Thanks to the Mag Lab's No-Insulation HTS magnet technology, Dr. Hahn and his team were able to make the 40.2 tesla record a reality. The absence of insulation frees a magnet's electrical current to find a path with the least electrical resistance. In turn, the current avoids what's termed "quench," defined as a part of the path where superconductivity is lost. Insulated magnets lack this benefit because of a current's defined spiral path. Therefore, the absence of insulation provides a way for the current to protect itself and avoid quench spots.

Read more here.


Mechanical Engineering's Farrukh Alvi Newly Named Don Fuqua Eminent Scholar Chair in Engineering and Science

Dean J. Murray Gibson has announced the selection of Florida A&M University - Florida State University (FAMU-FSU) joint College of Engineering Don Fuqua Eminent Scholar Chair in Engineering and Science.  The honor is awarded to Dr. Farrukh Alvi, Professor of Mechanical Engineering and Director of the Florida Center for Advanced Aero-Propulsion. Dr. Alvi recently served as the Cummins Professor of Engineering.

A selection committee of representative faculty noted for their accomplishments in science, engineering and technology selected Alvi based upon his extensive academic credentials, broad experience in engineering academia and distinguished record of research.

Dr. Alvi has been a member of the Mechanical Engineering faculty since 1993, when he joined the Department as a Post-Doctoral Research Associate.  He received his B.S. in Nuclear Engineering from the University of California at Berkeley and his Ph.D. in Mechanical Engineering from The Pennsylvania State University.

Read more here.


Aerospace Researcher Wins Young Investigator Award

A Florida State University engineering professor has won a prestigious young investigator award from the U.S. Office of Naval Research for his promising work on fluid dynamics and flow control for aircraft. 

Assistant Professor of Mechanical Engineering Kunihiko (Sam) Taira will receive the award, which provides his lab with $510,000 over a three-year period to continue his research and help support his graduate students.

“I’m very excited,” Taira said. “It’s a very generous award. It’s also nice to know they value our research important enough to back it with this type of award.”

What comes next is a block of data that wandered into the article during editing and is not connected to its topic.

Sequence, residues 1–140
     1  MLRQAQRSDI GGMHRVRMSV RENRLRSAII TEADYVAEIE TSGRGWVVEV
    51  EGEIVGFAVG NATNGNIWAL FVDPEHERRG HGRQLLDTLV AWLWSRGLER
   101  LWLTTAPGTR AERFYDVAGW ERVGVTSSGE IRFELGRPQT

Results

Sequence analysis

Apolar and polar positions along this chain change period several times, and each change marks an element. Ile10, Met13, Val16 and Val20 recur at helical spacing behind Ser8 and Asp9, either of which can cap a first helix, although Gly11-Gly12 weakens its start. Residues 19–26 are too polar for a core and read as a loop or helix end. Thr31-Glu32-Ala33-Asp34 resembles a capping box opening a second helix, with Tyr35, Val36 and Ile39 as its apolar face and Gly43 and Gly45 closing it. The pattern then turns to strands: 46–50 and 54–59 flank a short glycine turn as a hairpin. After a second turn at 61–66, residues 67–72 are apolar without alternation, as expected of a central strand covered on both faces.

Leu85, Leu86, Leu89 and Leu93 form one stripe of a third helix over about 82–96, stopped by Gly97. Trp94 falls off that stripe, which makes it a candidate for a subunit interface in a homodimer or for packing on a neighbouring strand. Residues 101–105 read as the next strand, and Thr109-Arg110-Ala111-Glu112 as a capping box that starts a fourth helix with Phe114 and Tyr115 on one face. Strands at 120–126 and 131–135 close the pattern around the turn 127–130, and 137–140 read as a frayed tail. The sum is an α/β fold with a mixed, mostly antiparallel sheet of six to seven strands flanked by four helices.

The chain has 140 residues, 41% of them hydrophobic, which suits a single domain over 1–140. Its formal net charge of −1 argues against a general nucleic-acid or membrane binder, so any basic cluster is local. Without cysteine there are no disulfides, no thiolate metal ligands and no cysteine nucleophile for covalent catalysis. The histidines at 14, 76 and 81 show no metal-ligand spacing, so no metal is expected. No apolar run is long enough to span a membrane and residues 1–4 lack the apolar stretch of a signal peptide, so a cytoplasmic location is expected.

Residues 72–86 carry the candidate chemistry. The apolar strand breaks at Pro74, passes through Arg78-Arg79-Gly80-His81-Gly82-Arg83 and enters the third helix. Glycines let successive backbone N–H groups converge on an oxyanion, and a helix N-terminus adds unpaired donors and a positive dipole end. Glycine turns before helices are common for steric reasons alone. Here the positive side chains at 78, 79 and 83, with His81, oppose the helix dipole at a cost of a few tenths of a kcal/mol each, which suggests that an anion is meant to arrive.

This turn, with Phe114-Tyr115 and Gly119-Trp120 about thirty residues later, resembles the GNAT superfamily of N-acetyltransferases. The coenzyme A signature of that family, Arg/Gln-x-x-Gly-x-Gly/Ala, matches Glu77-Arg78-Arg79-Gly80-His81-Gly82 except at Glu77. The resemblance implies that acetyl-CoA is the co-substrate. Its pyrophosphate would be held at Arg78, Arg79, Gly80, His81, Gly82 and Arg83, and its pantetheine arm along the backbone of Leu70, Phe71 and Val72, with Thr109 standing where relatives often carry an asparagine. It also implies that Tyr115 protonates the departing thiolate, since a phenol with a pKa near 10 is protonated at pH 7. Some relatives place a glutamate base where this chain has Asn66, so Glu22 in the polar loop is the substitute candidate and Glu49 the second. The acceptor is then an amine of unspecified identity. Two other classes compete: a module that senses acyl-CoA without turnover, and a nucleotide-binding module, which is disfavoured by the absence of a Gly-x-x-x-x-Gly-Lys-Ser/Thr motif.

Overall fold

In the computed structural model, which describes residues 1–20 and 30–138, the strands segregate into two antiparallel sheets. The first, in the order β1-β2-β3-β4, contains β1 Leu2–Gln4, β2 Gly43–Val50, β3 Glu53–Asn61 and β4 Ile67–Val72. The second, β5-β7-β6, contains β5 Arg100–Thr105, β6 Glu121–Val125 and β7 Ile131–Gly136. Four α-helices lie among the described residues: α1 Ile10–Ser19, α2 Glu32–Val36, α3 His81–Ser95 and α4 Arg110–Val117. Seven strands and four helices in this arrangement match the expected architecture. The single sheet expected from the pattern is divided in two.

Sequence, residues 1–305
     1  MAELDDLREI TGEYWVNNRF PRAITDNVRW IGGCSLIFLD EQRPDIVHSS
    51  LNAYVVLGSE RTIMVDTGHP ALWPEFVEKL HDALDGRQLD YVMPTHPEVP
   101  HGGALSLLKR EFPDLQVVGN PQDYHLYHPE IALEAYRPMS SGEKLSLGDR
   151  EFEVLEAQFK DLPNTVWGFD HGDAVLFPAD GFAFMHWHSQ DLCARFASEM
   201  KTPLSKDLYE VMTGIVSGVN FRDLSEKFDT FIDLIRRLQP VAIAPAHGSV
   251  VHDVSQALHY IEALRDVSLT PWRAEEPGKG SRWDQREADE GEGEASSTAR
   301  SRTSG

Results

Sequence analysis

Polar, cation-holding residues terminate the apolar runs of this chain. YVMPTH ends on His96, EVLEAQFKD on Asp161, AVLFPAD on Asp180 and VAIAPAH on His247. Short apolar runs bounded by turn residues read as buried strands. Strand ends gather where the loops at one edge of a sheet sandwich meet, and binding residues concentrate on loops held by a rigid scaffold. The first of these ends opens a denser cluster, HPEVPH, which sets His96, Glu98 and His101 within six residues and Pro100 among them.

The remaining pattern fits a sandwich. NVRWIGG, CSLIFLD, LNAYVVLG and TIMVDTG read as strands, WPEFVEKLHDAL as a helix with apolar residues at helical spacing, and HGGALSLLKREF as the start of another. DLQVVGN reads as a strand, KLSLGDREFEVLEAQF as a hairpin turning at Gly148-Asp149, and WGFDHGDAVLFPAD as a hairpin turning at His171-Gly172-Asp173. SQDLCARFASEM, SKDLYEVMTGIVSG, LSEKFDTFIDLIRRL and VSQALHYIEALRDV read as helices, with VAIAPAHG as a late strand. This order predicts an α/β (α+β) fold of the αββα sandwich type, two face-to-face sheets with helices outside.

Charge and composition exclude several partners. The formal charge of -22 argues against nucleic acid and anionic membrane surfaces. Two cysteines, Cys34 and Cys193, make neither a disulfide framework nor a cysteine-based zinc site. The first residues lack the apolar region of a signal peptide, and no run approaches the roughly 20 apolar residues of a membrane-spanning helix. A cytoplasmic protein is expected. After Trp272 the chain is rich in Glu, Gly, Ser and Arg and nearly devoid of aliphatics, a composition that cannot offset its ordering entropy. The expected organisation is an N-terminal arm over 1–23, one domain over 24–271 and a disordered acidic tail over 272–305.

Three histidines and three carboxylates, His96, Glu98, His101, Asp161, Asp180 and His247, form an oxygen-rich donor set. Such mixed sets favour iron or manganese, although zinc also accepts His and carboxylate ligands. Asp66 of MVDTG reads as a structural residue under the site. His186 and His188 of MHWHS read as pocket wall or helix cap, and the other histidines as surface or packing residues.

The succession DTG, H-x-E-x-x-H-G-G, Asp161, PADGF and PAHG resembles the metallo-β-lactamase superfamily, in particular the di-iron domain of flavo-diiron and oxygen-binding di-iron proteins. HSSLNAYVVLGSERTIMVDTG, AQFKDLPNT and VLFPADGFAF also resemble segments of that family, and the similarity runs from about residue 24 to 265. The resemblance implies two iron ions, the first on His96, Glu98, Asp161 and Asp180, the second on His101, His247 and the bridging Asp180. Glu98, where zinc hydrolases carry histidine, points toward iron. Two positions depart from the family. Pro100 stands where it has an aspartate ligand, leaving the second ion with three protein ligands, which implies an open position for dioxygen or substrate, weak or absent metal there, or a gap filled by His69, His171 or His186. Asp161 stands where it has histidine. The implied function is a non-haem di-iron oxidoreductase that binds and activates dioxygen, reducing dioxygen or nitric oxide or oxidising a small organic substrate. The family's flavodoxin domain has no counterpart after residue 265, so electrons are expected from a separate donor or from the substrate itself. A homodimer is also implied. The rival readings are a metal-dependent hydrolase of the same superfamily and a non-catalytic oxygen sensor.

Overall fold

A better understanding of flow control can help aircraft operate more efficiently and in adverse situations.

Read more here.



FSU researchers win GAP awards to launch ideas to marketplace

Five Florida State University researchers are receiving financial support from the university to transform promising lines of research into viable technologies for the global marketplace.

Researchers Hoyong Chung, Daniel Kaplan, Biwu Ma, Yaacov Petscher and Cheryl Xu will receive a combined total of more than $100,000 from the university to work on new projects such as environmentally friendly plastics, cancer therapies and a new material for a light-emitting diode, among others.

They received the money through the university's biannual GAP competition, a "Shark Tank"- like event that allows researchers to pitch their ideas to a panel of local business men and women, Vice President for Research Gary K. Ostrander and Office of Commercialization Director Brent Edington.

"As a research university, FSU has a mission to produce new technologies and make discoveries that can make our world a better place," Ostrander said. "The GAP competition is an excellent opportunity for researchers to pitch their ideas and seek funding to help move their work to the next stage of development."

Read more here.

Two FSU engineering students claim Zonta International Amelia Earhart Fellowships

Two Florida State University graduate students are among the 35 talented women chosen from across the globe for Zonta International's 2016 Amelia Earhart Fellowship. Only one other university in the United States had two recipients of the six awards received by US students. The Fellowship of $10,000 was established to assist the future of women in aerospace and other aerospace-related sciences and engineering. Zonta International is an organization striving to empower women worldwide to achieve their full potential.

Margaret Schiener, an industrial and manufacturing engineering doctoral student, and Yiyang Sun, a mechanical engineering doctoral student, each won $10,000 offered by Zonta International. Since its inception, Zonta has awarded 1,473 Amelia Earhart Fellowships to 1,044 women from 70 countries across the globe.

Read more here.


2015-16 Senior Design teams claim awards at ASEE conference